Russia will spend the year of 2006 at the helm of one of the world's most powerful global alliances. It is a rare opportunity for President Vladimir Putin to boost his country's international standing. As the chair, Russia will host a number of ministerial-level meetings to discuss issues of global concern.
Russia is not a formal member of the G7 grouping of Japan, Britain, France, Italy, Germany, Canada, and the United States, as it is not among the world's leading economies.
But Moscow has enjoyed steady economic growth and a rising profile as a major oil-and gas-producing power. Energy policy will be high on the agenda of Russia's G8 chairmanship.
Moscow's ongoing dispute with Kyiv over the price of Russia's natural gas, therefore, presents a potential problem.
Can Russia present itself as a stable energy provider to Western markets as it engages in an ugly showdown with a former Soviet neighbor?
Russia's Gazprom monopoly has remained firm in its insistence that Ukraine pay the full market price of some $230 per 1,000 cubic meters of gas -- more than four times higher than what Kyiv currently pays.
Putin, attending a meeting on 29 December of Russian and Ukrainian energy officials, took pains to publicly chastise both sides for failing to reach an agreement: "You -- and I am talking both to Russian and Ukrainian participants of this meeting -- have simply caused a real crisis, and not only in the energy field. This crisis looks like a crisis between two countries, and that is very bad."
Russia has yet to back down. Its NTV television network has even broadcast footage of pipeline officials rehearsing a gas-line cutoff -- in preparation for what Gazprom says will be the real thing if no deal is reached by 1 January.
Last-minute talks between Russian and Ukrainian gas officials in Moscow yesterday apparently ended with Russia rejecting Kyiv's proposals for resolving the gas dispute.
Ukrainian President Viktor Yushchenko yesterday said $75-$80 per 1,000 cubic meters was an "objective" price for his economically struggling country. Gazprom is demanding that Ukraine pay $230.
Yushchenko also rejected a Russian proposal to provide Ukraine with a $3.6 billion loan that would help cover the price hike: "Talking about a price for Ukraine, we are very grateful for the proposed large credits. But Ukraine does not need them. Ukraine will pay with its own money at a price set in a comprehensible, objective fashion."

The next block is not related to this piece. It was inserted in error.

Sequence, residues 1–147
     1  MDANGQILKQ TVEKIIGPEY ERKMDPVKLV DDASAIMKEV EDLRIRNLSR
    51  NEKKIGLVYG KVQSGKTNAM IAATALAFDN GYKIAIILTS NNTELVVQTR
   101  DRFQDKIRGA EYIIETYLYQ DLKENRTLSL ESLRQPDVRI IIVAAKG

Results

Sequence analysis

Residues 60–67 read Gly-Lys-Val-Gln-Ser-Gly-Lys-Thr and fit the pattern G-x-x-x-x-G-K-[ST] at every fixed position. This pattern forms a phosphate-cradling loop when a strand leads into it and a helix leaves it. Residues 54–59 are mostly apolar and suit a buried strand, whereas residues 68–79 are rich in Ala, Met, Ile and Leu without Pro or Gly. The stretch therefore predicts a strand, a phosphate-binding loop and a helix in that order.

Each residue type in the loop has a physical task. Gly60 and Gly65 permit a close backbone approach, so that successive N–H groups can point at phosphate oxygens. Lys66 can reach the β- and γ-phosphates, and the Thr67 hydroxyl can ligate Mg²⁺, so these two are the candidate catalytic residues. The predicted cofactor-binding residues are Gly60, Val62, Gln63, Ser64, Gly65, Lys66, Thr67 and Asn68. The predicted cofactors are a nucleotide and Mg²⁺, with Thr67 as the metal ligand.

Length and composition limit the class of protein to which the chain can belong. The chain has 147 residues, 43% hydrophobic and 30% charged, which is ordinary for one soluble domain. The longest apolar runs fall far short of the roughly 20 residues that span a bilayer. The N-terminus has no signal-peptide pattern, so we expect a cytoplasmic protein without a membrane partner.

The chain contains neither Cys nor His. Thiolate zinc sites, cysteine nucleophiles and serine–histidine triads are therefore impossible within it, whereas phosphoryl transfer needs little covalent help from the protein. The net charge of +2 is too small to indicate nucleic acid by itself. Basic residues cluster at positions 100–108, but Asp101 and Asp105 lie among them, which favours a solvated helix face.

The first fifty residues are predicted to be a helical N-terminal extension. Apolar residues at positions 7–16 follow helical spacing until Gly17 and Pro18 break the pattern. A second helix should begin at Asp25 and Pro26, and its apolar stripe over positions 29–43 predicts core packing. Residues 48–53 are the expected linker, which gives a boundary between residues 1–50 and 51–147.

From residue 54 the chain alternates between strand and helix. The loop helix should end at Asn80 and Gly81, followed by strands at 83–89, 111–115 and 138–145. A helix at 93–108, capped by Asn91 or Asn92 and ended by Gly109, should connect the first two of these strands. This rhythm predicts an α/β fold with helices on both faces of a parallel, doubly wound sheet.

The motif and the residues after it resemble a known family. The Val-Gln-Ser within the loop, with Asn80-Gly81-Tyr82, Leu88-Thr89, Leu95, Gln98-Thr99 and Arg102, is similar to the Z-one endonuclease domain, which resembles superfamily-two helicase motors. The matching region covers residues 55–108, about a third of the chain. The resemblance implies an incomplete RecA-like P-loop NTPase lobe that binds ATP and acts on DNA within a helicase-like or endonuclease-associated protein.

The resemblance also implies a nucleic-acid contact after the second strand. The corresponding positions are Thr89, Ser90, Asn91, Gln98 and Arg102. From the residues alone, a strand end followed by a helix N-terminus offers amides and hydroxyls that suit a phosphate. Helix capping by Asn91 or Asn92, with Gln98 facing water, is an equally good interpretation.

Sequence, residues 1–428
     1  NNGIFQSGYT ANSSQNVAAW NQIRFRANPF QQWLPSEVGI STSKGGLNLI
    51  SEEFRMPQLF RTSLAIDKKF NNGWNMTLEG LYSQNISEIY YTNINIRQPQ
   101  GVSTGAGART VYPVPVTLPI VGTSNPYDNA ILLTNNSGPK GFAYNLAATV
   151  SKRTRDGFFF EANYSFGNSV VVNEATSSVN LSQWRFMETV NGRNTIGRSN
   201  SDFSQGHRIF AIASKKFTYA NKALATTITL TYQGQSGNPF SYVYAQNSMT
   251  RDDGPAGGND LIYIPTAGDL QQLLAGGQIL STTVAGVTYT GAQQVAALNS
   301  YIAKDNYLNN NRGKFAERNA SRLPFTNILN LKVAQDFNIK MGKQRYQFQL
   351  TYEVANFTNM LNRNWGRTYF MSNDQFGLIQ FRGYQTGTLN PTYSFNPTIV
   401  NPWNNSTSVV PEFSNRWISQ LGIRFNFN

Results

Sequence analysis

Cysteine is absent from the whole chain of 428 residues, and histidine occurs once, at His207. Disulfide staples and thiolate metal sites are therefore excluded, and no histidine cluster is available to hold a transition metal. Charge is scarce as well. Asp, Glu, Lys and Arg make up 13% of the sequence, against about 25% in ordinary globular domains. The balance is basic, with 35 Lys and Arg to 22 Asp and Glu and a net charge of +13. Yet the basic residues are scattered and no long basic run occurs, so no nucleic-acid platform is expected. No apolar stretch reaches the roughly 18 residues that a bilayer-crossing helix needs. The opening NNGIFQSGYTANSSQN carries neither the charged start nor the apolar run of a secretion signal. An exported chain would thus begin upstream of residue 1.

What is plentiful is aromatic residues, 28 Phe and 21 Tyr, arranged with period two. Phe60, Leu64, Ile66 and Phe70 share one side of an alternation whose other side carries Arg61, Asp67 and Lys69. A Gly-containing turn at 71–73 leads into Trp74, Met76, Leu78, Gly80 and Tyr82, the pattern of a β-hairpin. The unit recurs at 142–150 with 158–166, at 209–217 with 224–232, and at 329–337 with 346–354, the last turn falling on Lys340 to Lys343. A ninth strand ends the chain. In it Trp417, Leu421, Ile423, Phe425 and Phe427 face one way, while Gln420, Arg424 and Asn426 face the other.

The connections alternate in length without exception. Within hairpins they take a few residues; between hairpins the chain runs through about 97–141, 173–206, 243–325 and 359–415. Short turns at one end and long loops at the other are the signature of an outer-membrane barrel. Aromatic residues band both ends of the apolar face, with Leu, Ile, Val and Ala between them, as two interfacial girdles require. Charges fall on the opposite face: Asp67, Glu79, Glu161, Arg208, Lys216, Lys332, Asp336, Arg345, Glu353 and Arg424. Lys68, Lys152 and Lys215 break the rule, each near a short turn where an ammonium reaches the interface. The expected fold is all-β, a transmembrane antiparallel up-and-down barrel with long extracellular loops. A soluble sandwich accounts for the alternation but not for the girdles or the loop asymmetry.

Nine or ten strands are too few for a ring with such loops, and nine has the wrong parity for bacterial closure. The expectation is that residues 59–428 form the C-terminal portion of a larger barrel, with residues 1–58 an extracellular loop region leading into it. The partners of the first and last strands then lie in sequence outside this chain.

Ukraine's gas supplies are only part of the issue. Gazprom also uses Ukrainian pipelines to pump its gas to lucrative European markets further west.
A New Year's shutoff could mean a fuel crisis in the European Union, which gets a quarter of its natural gas from Gazprom. However, Gazprom head Aleksei Miller said today that there is a "detailed plan" to ensure EU supplies are not disrupted.
Even if gas supplies stay on, Ukraine has threatened to raise its transit rates -- and to siphon off gas bound for the EU.
The European Commission has continued to urge a resolution of the dispute.
Of all the former CIS countries, westward-leaning Ukraine -- which stirred Russian anger with its 2004 Orange Revolution -- is facing the steepest price hikes. Armenia, Azerbaijan, and Georgia will pay just over $100 per unit -- pliable Belarus, meanwhile, is paying less than $50 per unit.
Some observers say Moscow is using the gas issue to pressure weaker ex-Soviet republics into re-entering its sphere of influence.
But others say Russia is only protecting its interests -- and in this is no different than economically powerful countries in the West.
Eric Kraus is chief strategist at the Sovlink Securities brokerage firm in Moscow.
"Russia does not have to subsidize countries which are overtly hostile to Russia. The Americans, or the French, or the Germans, can give foreign aid to some countries and not to others," Kraus said. "They heavily subsidize Egypt; they don't subsidize Syria. Does this give Syria the right to complain of unfairness? Russia can choose to subsidize for geopolitical reasons countries of her choosing. It's a sovereign right."
Russia's former presidential economic adviser, Andrei Illarionov, was a vocal critic of what he said was Moscow's politically motivated manipulation of Ukraine's gas prices. He also would have served as Russia's main representative in the G-8.
His resignation on 27 December came after months of souring relations with Putin, and was a surprise to few. But the liberal economic adviser, who spent six years in the post, is largely credited with devising the policies that helped Russia pay off a large portion of its foreign debt and normalize business taxation. Some worry his absence will deal a blow to the integrity of Russia's G8 chairmanship.
And Moscow's controversial bill restricting the work of nongovernmental organizations could cast a shadow over its year at the helm of the G8. But Kraus says such political issues have little bearing on the G-8 chairmanship.
"Why is Russia invited to the G8? Two reasons. First of all, energy policy -- Russia is very rich in energy resources, and it's a politically stable and safe source of such resources. Secondly, Russia has, among other things, a veto on the UN Security Council, so the Americans are very concerned. One doesn't have to suit tastes of a particular political faction to become part of the G8," Kraus said.
The approach of New Year's Eve may be evoking different feelings in different countries. In Ukraine, officials say they are creating a commission that will coordinate emergency measures in the event of a gas shutoff. The European Union is pressing for a last-minute breakthrough. And Moscow may be hoping the controversies like the gas impasse does little to mar its year as the G8 chair.
The Russian daily "Moskovskii Komsomolets" predicted: "The Russian presidency of the 'eight' will be associated not with roses but with a large quantity of healthy thorns."